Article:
Sunday, March 09, 2014

Men working

The monthly employment report came out Friday. 175,000 jobs created (unless they adjust the numbers which they almost always do) and 6.7 percent unemployment. Not terrible, but not good.

Somehow, I don't think these men are counted as "working" by the statisticians.

This activity sure looks arduous to me.

Once upon a time, this might have been "work," according to an excerpt from The Leading Indicators: A Short History of the Numbers that Rule Our World.

Until the nineteenth century, the concept of unemployment was alien. Most people didn’t earn a wage; they did not have “jobs.” They farmed, or traded, or served, or fought. Some were artisans or blacksmiths or stevedores, but most worked the land to nurse food out of stubborn soil. Factories were small, with a few dozen workers. There were mines here and there, and, of course, servants. But there was no framework of employment versus unemployment, only of want versus plenty, hard work versus idleness, good times versus bad.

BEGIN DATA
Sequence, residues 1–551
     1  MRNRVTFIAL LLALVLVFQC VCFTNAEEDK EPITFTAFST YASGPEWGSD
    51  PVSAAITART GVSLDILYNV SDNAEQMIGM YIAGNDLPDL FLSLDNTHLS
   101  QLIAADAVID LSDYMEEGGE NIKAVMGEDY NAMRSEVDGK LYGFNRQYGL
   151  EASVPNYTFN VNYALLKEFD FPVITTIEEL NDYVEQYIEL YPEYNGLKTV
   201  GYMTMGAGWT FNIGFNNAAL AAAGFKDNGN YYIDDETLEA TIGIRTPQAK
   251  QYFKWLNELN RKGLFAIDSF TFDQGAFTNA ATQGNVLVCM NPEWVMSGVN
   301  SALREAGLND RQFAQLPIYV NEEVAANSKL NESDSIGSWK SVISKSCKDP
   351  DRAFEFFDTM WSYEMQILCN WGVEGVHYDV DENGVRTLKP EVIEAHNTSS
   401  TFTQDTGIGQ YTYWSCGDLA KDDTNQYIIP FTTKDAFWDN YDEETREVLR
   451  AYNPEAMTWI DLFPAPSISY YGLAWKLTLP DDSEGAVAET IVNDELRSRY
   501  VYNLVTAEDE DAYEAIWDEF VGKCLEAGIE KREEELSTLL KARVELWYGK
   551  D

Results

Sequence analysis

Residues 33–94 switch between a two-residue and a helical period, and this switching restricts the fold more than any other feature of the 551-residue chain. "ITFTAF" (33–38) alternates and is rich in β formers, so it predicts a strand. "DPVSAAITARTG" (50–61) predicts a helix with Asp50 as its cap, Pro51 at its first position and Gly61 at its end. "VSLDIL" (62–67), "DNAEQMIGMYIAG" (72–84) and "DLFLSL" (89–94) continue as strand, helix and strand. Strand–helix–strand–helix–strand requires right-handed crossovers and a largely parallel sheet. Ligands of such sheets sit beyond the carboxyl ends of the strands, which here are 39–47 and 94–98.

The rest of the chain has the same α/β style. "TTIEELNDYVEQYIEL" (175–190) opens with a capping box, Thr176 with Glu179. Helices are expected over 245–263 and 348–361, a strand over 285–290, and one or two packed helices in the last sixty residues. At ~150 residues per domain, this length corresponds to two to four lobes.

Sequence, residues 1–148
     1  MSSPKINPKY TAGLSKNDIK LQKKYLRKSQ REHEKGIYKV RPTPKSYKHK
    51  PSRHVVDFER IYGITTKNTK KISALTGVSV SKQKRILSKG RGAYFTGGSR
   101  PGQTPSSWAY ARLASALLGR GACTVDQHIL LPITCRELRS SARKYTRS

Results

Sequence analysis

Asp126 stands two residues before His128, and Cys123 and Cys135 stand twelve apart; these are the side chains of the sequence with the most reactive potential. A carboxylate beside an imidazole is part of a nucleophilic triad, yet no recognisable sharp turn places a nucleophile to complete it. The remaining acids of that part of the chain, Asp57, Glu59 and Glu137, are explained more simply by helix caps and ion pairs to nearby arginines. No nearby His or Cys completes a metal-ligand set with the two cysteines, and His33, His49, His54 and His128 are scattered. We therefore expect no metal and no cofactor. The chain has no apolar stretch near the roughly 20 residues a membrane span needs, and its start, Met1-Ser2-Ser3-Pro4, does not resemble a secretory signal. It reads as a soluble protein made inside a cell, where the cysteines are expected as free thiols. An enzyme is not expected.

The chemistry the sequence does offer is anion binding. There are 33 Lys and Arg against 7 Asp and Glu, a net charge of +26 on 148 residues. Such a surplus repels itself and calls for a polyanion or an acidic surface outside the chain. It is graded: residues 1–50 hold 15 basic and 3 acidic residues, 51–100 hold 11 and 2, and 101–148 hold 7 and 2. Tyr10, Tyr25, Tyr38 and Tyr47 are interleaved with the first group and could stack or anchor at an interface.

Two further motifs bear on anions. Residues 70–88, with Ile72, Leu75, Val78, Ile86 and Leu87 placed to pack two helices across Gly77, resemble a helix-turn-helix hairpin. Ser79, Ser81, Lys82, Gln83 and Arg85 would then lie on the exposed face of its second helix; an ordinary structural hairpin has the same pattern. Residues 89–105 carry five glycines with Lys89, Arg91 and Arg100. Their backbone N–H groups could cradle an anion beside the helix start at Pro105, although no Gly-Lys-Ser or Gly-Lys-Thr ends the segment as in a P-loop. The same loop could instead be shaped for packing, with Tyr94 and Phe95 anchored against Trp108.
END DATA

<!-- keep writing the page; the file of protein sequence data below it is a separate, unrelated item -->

... In the United States, the birth of economic statistics was part of an overall movement toward social and political reform. The drive to create these statistics was fueled in part by a rising national suspicion that large companies, monopolies, railroads, and banks were reaping disproportionate rewards and thereby robbing the common man of his hard-earned gains. ...

That meaning is still implicit in the statistics that frame our lives.

1 comment:

Hattie said...

An interesting perspective.I would say that a good deal of the work in this world is still unpaid,especially housework and child care.

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